School administrators and education advocates across Iowa are concerned that teaching faculties don’t reflect the student bodies they serve.
Iowa is growing more diverse across many demographic measures, and our children are leading the way. Iowa’s teachers, however, remain overwhelmingly white, mostly women and often from middle-class backgrounds.
That’s a problem, because experts consistently report students are less likely to excel academically if they aren’t exposed to professionals who look like them, putting boys and young people of color at a disadvantage.
One barrier to recruiting diverse faculty members is the fact Iowa requires all teachers must meet specific state standards, potentially forcing out-of-state candidates to undergo additional coursework before they can teach. Some school districts are asking the Iowa Legislature to consider authorizing licensure reciprocity so they can more easily recruit personnel from other states, the Quad-City Times reported this month.
“While we try to figure out how to work through the situation we have, we’d love to recruit teachers and administrators from out of state,” Kingsley Botchway, equity chief at the Waterloo Community School District, told the Times.
There is a growing national movement to rethink the licensing and registration rules state governments impose on working people, including for educators.
In 2015, the White House published a report on professional licensure, encouraging state governments to eliminate overly restrictive rules. The report included an analysis of relevant research about the impact of teacher licensing on test scores and teacher qualifications.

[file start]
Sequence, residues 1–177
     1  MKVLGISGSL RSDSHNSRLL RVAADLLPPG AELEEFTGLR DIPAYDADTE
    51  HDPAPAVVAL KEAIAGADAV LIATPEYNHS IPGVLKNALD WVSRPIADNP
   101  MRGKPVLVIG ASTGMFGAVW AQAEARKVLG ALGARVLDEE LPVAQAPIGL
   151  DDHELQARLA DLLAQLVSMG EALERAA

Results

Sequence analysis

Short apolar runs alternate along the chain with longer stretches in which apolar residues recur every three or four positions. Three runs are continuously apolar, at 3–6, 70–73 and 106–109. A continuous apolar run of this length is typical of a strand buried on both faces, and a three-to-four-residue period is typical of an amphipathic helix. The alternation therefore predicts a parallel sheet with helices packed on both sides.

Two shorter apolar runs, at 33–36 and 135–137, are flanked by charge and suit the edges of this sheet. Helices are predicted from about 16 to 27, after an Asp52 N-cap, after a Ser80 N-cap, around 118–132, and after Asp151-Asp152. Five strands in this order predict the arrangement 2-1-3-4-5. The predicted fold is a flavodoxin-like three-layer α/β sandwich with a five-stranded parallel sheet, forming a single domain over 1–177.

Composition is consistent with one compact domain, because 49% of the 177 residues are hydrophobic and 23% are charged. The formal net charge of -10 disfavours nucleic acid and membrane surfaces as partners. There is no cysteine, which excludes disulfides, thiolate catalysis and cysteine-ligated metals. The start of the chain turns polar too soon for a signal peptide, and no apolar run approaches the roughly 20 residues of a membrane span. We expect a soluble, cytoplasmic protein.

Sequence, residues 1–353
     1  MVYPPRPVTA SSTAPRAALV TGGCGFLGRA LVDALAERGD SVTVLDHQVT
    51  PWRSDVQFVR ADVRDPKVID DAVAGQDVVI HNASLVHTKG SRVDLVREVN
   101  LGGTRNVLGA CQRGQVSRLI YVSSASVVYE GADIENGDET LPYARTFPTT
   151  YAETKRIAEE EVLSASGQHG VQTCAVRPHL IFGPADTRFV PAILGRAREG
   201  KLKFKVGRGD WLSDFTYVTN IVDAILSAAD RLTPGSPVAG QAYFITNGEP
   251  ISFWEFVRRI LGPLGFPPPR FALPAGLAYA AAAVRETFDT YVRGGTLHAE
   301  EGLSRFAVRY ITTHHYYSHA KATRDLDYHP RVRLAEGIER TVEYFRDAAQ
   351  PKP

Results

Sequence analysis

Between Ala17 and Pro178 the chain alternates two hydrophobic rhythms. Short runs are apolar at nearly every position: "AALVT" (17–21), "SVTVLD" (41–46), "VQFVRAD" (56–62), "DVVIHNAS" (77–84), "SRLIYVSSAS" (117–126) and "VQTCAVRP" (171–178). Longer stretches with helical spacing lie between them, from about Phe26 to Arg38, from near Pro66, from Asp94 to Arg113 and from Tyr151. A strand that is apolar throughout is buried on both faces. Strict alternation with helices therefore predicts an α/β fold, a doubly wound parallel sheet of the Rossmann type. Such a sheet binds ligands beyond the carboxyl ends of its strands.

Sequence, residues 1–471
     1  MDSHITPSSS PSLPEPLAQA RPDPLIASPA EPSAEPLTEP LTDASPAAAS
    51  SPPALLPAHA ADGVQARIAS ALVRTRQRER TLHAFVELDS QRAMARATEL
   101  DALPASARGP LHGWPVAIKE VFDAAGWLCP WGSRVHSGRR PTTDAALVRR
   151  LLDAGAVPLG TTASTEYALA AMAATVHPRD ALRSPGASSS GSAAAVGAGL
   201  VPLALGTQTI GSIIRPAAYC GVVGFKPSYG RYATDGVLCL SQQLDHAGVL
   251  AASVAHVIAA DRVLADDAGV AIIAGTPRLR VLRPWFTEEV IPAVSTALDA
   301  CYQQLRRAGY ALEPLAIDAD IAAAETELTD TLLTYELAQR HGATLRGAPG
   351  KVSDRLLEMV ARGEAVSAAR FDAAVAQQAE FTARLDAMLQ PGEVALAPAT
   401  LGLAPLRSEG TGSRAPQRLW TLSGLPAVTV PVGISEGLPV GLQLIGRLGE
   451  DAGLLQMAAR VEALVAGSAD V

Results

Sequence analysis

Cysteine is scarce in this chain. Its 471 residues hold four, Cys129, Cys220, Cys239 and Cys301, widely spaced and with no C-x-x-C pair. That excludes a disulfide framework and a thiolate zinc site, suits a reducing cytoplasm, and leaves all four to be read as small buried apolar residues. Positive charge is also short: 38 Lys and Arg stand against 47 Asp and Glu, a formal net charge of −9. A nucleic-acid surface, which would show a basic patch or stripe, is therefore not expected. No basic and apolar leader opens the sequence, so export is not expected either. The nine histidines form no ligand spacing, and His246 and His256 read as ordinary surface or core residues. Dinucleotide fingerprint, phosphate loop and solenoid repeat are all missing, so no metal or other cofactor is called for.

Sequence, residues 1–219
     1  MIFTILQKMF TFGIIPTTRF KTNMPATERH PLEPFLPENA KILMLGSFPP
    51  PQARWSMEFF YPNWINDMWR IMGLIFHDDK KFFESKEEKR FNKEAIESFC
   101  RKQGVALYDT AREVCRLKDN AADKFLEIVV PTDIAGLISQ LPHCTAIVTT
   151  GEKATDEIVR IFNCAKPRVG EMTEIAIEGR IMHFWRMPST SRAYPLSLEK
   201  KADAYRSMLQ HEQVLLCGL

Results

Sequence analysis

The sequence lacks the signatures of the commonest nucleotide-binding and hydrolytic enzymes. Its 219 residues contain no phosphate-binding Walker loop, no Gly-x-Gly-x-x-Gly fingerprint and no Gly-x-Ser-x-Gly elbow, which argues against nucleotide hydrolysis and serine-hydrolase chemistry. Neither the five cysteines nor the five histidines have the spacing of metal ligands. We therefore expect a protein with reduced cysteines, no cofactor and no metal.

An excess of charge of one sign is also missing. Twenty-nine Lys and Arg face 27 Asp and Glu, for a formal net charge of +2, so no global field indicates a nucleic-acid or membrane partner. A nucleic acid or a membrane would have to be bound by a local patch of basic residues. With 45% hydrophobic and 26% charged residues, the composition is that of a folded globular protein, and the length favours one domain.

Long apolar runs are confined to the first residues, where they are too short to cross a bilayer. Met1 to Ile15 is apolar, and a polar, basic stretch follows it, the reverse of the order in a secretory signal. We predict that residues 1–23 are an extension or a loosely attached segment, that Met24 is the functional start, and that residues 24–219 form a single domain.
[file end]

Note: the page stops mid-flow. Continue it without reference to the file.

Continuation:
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Of six academic studies about teacher licensure reviewed by the Obama administration, four found no effect of licensing requirements and another found unclear effects. Just one study — about stricter licensing requirements in high-income school districts — found a link between increased educational quality and licensure.
No one in Iowa is advocating to eliminate teacher licensing altogether, but this research makes clear that educational quality can be maintained without burdensome requirements.
This is just one piece of the movement to recruit more diverse, high-quality pools of candidates for Iowa teaching jobs.
The “grow your own” campaigns Cedar Rapids and other urban school districts are working on — which focus on engaging and retaining Iowa students who plan to work in education — are vital.
Policymakers also must realize licensure reform is no substitute for adequate education funding. Schools need money to attract the best teachers.
Done correctly, licensing reform will play an important part in enriching Iowa’s schools.
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